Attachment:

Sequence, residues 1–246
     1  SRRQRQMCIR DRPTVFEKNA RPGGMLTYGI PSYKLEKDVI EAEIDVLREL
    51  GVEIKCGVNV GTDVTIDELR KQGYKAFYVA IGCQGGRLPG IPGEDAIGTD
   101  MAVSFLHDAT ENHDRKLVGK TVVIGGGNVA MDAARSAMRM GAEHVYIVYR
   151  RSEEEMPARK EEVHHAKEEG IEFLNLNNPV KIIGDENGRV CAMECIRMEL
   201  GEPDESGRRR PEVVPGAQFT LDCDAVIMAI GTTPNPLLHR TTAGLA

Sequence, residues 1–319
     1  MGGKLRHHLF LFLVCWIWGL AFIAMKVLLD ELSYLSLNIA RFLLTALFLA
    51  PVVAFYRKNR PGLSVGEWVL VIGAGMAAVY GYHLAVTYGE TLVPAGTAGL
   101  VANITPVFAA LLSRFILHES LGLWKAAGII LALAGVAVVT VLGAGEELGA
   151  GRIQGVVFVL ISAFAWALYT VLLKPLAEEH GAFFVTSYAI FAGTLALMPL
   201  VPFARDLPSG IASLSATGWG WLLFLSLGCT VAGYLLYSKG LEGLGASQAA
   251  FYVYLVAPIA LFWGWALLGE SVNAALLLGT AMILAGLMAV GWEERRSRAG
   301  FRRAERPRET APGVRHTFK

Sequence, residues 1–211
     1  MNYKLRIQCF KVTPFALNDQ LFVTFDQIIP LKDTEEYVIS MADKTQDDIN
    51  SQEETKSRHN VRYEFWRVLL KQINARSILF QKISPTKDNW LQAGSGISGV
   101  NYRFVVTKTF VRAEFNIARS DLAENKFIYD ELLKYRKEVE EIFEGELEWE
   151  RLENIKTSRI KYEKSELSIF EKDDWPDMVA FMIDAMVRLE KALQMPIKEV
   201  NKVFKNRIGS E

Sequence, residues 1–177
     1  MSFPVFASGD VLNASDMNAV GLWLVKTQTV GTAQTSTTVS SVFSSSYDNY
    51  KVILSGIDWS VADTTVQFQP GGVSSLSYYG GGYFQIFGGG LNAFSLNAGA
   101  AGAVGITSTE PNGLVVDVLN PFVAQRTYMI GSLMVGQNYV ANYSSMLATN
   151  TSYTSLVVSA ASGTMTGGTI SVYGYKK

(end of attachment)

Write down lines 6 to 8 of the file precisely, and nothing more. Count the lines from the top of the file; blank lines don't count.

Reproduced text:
   201  GEPDESGRRR PEVVPGAQFT LDCDAVIMAI GTTPNPLLHR TTAGLA

Sequence, residues 1–319
     1  MGGKLRHHLF LFLVCWIWGL AFIAMKVLLD ELSYLSLNIA RFLLTALFLA